Performance of key lookup in JavaScript object

I just read this question: are there dictionaries in javascript like python?

One of the answers said that you can use JavaScript objects like Python dictionaries. Is that true? What is the performance of a key lookup in an object? Is it O(1)? Is adding a key to the object also constant time (hashing)?

Answers:

Answer

Yes, you can assume that adding a key, and later using it for access are effectively constant time operations.

Under the hood the JS engine may apply some techniques to optimize subsequent lookups, but for the purposes of any algorithm, you can assume O(1).

Answer

In addition to Domenic's answer, most modern JS engines use pretty similar technique to speed up the object property access. The technique is based on so called hidden classes, or shapes. It's important to understand how this optimization works if you want to write efficient JS code.

JS object looks like a dictionary, so why not use one to store the properties? Hash table has O(1) access complexity, it looks like a good solution. Actually, first JS engines have implemented objects this way. But in static typed languages, like C++ or Java a class instance property access is lightning fast. In such languages a class instance is just a segment of memory, end every property has its own constant offset, so to get the property value we just need to take the instance pointer and add the offset to it. In other words, in compile time an expression like this point.x is just replaced by its address in memory.

May be we can implement some similar technique in JS? But how? Let's look at a simple JS function:

function getX(point) {
  return point.x;
}

How to get the point.x value? The first problem here is that we don't have a class (or shape) which describes the point. But we can calculate one, that is what modern JS engines do. Most of JS objects at runtime have a shape which is bound to the object. The shape describes properties of the object and where the properties values are stored. It's very similar to how a class definition describes the class in C++ or Java. It's a pretty big question, how the Shape of an object is calculated, I won't describe it here. I recommend this article which contains a great explanation of the shapes in general, and this post which explains how the things are implemented in V8. The most important thing you should know about the shapes is that all objects with the same properties which are added in the same order will have the same shape. There are few exceptions, for example if an object has a lot of properties which are frequently changed, or if you delete some of the object properties using delete operator, the object will be switched into dictionary mode and won't have a shape.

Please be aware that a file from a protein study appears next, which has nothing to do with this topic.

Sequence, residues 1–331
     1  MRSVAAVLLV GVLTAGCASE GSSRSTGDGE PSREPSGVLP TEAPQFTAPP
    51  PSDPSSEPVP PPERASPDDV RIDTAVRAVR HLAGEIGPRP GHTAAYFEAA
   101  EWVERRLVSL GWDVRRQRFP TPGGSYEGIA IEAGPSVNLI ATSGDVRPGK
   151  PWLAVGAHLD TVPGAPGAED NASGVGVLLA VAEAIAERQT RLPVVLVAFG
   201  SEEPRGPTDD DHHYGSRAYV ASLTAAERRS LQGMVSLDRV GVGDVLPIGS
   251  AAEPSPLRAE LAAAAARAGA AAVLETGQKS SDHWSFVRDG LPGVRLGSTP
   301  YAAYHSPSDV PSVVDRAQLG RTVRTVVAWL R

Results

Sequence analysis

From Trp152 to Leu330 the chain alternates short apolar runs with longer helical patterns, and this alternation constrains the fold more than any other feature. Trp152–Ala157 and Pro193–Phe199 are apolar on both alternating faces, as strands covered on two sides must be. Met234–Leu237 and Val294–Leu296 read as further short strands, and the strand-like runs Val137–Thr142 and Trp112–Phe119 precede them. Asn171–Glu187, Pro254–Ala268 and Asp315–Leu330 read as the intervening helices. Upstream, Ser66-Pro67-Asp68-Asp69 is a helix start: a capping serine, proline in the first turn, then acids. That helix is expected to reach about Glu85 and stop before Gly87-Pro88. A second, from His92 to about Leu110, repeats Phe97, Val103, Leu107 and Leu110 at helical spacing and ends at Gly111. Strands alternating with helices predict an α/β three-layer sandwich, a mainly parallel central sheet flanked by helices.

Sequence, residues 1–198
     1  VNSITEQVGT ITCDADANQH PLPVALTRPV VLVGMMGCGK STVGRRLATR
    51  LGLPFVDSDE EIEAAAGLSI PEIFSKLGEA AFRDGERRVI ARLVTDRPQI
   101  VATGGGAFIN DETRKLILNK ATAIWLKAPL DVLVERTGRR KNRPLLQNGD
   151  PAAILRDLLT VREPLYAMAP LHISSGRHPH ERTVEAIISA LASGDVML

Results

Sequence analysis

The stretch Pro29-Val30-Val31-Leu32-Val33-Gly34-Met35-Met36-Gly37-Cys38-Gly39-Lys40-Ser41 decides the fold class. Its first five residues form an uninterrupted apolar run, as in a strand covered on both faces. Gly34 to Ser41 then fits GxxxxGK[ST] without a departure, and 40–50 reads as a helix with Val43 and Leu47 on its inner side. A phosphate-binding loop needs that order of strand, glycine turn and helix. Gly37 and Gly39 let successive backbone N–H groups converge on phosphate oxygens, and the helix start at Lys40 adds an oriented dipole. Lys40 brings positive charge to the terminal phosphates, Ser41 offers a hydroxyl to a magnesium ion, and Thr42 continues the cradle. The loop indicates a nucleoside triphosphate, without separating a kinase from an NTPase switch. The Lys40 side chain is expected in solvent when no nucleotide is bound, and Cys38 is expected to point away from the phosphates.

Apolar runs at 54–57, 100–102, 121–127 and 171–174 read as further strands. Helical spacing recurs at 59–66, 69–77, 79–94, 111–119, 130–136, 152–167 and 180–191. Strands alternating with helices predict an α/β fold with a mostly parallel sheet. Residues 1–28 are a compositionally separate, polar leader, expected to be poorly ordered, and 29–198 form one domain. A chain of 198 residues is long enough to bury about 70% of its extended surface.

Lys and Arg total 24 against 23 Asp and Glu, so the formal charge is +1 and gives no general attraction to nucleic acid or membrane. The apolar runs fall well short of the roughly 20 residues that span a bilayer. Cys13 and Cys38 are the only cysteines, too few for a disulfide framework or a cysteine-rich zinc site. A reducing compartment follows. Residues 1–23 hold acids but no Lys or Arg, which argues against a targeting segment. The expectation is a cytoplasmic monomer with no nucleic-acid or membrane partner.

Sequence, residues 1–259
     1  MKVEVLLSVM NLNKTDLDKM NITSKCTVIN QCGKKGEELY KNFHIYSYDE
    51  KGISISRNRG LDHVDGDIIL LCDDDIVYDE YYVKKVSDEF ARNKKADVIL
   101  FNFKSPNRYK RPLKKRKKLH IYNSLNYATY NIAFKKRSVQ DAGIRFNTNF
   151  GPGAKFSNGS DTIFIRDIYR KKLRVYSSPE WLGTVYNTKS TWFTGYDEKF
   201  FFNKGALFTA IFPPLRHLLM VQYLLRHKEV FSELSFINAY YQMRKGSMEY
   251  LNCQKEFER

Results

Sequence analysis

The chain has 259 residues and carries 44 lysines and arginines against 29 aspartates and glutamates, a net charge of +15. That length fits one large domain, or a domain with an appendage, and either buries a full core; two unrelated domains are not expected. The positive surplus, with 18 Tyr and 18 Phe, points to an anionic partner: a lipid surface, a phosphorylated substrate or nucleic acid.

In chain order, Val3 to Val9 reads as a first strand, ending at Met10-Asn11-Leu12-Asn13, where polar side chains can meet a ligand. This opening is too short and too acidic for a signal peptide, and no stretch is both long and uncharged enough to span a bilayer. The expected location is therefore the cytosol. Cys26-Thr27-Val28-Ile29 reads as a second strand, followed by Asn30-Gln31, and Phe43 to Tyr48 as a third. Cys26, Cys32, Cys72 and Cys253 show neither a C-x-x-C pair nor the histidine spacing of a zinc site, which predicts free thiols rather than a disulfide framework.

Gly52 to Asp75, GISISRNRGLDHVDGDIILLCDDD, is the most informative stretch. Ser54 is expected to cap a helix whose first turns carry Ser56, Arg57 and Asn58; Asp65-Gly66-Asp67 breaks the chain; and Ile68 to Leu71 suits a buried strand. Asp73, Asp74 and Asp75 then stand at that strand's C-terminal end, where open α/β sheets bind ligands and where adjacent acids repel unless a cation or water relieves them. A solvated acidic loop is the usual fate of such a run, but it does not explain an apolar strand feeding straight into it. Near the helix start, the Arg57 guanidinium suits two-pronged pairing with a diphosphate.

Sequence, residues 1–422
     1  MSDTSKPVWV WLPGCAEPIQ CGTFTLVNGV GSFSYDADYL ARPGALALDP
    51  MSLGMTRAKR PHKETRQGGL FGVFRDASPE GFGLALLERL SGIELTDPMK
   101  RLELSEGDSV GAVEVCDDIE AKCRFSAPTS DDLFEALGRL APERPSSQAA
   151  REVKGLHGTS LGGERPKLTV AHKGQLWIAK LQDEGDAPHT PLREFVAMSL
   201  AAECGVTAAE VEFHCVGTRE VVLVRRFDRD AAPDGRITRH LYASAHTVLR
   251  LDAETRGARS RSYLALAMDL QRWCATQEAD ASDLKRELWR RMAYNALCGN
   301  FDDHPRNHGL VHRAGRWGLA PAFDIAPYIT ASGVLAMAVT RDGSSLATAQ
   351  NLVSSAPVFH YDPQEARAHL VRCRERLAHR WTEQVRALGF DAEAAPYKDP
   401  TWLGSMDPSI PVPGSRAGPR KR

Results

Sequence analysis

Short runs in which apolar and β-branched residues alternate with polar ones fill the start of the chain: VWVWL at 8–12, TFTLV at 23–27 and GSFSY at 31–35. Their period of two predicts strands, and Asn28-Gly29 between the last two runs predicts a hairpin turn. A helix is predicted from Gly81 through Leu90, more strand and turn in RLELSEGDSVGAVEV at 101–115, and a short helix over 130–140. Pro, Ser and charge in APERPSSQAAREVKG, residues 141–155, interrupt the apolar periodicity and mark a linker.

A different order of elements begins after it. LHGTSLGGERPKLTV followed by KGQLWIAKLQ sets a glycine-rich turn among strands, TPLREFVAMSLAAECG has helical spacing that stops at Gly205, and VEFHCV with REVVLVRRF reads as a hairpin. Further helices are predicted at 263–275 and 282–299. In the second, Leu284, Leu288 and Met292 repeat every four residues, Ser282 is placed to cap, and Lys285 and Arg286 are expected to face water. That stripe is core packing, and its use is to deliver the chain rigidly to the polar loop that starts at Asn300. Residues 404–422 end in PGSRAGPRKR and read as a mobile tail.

Now, let's imagine that the point object has an array of properties values, and we have a shape attached to it, which describes where the x value in this property array is stored. But the problem is that we can pass any object to the function, it's not even necessary that the object has the x property. This problem is solved by the technique called Inline caching. It's pretty simple, when getX() is executed the first time, it remembers the shape of the point and the result of the x lookup. When the function is called second time, it compares the shape of the point with the previous one. If the shape matches no lookup is required, we can take the previous lookup result.

The primary takeaway is that all objects which describe the same thing should have the same shape, i.e. they should have the same set of properties which are added in the same order. It also explains why it's better to always initialize object properties, even if they are undefined by default, here is a great explanation of the problem.

Relative resources:

Answer

The V8 design docs imply lookups will be at least this fast, if not faster:

Most JavaScript engines use a dictionary-like data structure as storage for object properties - each property access requires a dynamic lookup to resolve the property's location in memory. This approach makes accessing properties in JavaScript typically much slower than accessing instance variables in programming languages like Java and Smalltalk. In these languages, instance variables are located at fixed offsets determined by the compiler due to the fixed object layout defined by the object's class. Access is simply a matter of a memory load or store, often requiring only a single instruction.

To reduce the time required to access JavaScript properties, V8 does not use dynamic lookup to access properties. Instead, V8 dynamically creates hidden classes behind the scenes. [...] In V8, an object changes its hidden class when a new property is added.

It sounds like adding a new key might be slightly slower, though, due to the hidden class creation.

Tags

Recent Questions

Top Questions

Home Tags Terms of Service Privacy Policy DMCA Contact Us

©2020 All rights reserved.